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Firm and Case Management 

Collecting and organizing client interactions into one easy place, allowing for convenient access and a comprehensive view of each case.

Written By Renaro Daniel Ezra Bunyamin

First published on 22 February 2018

Time is of the essence. This is especially so for legal practitioners who needs to juggle between managing clients, file management, billing, tracking disbursements, staff management, task management etc. 

Having a Case Management Software (“CMS”) enables you to capture your vast working information in one location thereby increasing the productivity and efficiency of your firm.

A. WHAT DOES A FIRM AND CASE MANAGEMENT SOFTWARE DO?

A CMS basically enables you to, amongst others, create, track and store the following information:

(a) Clients and related parties’ details (eg contact/address/type of party);
(b) Store and/or create matter/case in separate folders with customizable file referencing;
(c) Store and/or share documents with staffs and/or clients (eg clients’ documents/draft letters/cause papers/research etc.);
(d) Time spent on a matter; and
(e) Setting timeline and/or tracking progress of tasks.

Some CMS providers also provide value added services and/or enable third-party software integration such as:

(a) Billing and/or disbursements;
(b) QuickBooks integration;
(c) Skype integration;
(d) Gmail email and/or calendar integration;
(e) Virtual/Cloud-based data storage;
(f) Android/IOS compatibility for accessing CMS on mobile phones or tablets; and
(g) Additional security features.

CMS streamline all the above information in one application allowing easy access to everyone in your firm. Most of the CMS available today are cloud-based (virtual storage of data online) which enables you to access all the said information anywhere be it at work, at the comfort of your home or whilst travelling (subject to your devices having Wi-Fi and/or mobile data access).

CMS also allows new staff members to easily access, quickly adapt and get up to speed with your firm’s current matters/cases.

B. CLOUD-BASED SERVERS vs ON-PREMISE SERVERS

Cloud-based servers allow you to save on physical space whereas on-premise servers require you to house the servers on-site, occupying much needed space in your firm. 

Cloud-based servers also enable you to have easy access via your mobile devices and/or laptops, wherever you may be, with Wi-Fi and/or mobile data access. By simply logging your login details to the cloud-based server, you will have access to all your data previously saved online and/or upload data online via your mobile devices.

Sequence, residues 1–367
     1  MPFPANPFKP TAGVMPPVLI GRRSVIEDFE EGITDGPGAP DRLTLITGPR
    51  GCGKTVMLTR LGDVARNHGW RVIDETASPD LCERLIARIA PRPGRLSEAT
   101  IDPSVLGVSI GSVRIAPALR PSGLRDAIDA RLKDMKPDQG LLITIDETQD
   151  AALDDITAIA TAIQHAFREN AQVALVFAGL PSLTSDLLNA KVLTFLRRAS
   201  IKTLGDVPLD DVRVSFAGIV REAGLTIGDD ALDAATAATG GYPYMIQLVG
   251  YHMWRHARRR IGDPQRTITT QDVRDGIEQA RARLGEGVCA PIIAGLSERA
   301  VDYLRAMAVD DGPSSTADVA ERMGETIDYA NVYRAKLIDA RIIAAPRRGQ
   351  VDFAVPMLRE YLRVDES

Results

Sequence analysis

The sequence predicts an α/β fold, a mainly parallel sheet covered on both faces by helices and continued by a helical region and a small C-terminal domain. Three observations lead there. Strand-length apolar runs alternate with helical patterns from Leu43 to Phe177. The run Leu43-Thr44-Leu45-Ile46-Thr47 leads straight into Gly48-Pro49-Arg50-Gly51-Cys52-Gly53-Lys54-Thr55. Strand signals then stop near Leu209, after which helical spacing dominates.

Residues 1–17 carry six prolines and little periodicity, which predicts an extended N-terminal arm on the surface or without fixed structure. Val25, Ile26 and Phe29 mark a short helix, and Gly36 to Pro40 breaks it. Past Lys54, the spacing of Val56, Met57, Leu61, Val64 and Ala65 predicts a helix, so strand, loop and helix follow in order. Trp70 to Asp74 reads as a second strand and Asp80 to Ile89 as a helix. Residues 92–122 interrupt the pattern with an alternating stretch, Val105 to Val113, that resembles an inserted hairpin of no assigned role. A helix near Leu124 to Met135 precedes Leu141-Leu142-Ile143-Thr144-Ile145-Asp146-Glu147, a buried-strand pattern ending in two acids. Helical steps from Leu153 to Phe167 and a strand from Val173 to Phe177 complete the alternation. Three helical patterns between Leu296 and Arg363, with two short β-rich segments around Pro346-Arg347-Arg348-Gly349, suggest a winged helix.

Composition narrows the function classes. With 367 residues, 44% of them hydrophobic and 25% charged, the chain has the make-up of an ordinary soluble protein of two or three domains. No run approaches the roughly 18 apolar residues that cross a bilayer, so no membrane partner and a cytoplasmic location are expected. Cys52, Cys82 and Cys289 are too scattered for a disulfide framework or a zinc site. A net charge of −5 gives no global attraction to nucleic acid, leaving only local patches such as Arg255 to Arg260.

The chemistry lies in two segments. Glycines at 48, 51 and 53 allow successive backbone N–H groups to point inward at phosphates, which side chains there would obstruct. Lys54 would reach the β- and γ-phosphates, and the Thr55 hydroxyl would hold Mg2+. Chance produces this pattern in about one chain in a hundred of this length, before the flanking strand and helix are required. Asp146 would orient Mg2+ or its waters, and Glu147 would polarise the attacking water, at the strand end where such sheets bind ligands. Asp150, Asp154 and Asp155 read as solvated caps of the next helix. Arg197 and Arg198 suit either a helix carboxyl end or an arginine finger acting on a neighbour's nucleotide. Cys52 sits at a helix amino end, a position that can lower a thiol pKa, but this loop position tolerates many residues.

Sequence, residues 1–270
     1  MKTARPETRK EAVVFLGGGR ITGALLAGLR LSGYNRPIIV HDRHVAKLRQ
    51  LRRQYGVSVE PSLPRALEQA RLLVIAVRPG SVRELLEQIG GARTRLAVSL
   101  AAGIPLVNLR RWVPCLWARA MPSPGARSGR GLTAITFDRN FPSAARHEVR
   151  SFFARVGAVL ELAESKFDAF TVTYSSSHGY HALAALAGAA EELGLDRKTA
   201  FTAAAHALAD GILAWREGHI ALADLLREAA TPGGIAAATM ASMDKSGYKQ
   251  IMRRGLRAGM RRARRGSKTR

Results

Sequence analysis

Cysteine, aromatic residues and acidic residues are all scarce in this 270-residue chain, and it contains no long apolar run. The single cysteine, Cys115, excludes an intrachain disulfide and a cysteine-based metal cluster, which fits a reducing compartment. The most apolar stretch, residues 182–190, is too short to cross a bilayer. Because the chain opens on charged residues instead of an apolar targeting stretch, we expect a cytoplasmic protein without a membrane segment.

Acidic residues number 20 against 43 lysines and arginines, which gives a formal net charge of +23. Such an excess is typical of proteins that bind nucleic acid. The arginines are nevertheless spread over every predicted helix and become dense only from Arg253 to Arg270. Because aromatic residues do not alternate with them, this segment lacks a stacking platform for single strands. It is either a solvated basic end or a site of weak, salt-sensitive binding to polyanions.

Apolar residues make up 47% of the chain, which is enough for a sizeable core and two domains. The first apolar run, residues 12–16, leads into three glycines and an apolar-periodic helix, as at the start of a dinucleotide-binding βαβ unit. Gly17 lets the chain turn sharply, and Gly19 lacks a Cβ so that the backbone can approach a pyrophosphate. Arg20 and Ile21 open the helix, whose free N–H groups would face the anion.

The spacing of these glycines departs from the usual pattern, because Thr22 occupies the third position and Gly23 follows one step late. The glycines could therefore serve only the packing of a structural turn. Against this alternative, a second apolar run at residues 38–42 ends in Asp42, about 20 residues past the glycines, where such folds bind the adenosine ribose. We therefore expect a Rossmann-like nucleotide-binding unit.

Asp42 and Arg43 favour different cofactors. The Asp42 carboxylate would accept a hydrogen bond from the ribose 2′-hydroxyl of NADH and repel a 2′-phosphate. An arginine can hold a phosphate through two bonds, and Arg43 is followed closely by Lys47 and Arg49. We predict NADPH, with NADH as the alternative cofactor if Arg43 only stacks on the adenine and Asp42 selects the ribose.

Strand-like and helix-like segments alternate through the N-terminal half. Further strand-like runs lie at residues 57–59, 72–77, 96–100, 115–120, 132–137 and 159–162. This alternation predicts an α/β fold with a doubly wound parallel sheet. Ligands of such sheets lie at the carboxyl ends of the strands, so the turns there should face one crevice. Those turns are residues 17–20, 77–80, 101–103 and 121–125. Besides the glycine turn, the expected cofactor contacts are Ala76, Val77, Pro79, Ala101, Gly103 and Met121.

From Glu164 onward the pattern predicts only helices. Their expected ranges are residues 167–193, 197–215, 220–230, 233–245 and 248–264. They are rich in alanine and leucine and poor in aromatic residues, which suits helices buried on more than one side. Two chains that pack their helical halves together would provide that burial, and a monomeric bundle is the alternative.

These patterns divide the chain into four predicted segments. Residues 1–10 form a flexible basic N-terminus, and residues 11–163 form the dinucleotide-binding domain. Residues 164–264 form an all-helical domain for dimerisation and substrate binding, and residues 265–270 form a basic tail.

There is little or no installation costs for cloud-based servers as minimum hardware is required to set-up. Compared to requiring on-site technical assistance for maintenance of on-premise servers, maintenance is done by the providers via online for cloud-based servers,.

However, it is prudent to have a small on-premise server or network attached storage (NAS) in the office to serve as a back-up of the information stored on cloud. 

Things to consider before opting for a cloud-based CMS

Things to consider before opting for a cloud-based CMS:

(a) Size of firm: Most CMS costs are based on per user on a monthly/yearly basis. It will be more cost- effective to choose the yearly renewal options as CMS providers usually give substantial discounts for yearly subscriptions;

(b) Clients size and clients’ aptitude for the application: Some CMS allow you to share documents online with clients. Depending on the type of clients you work with, it is worth considering if you require this function;

(c) Compatibility of the CMS with your iOS or Android platform mobile phones (this is useful especially when you are out of the office). Most mobile phones these days operate on either Android or iOS platforms. It is important to ensure that your phone is up-to-date to ensure compatibility with the CMS; 

(d) Good internet speed to download files or upload files seamlessly onto the CMS and/or sufficient mobile data for mobile phones, to access the software application online; and

(e) Reputation of CMS providers and length of time since it offered its service. It is prudent to validate the reliability of these providers and how long they have been in the market to ensure that the service you acquired from them is consistent and will still be available for years to come.

C. OVERVIEW

Advantages of having cloud-based CMS:

(a) Easier client management;
(b) Easier conflict search;
(c) Keep track of tasks;
(d) Keep track of time spent;
(e) Keep track of billing and/or disbursements;
(f) Help new staffs get up to speed with current matters/cases;
(g) Access stored data anywhere; and
(h) Sharing information/documents with your clients online.

Disadvantages of having cloud-based CMS:

CMS may be costly if value-added services are included or there is third-party software integration. In addition, it may be also costly since subscription is based on per user and on monthly or yearly basis. This will pose to be costly if your firm has a high headcount.

As CMS is complex, a budget should also be allocated towards engaging a consultant to properly set up the system. This way the firm will be able to take full advantage of the CMS.

D. CONCLUSION

In conclusion, before deciding to purchase a CMS, it will be worth checking which CMS vendors offer online trials of their products. Most CMS vendors offer an online preview whereby their product consultant will demonstrate the available features of their products, with offers of free trials of their CMS for a limited time. Doing this will assist you to make a more informed decision on the best CMS that suits your firm’s needs. 

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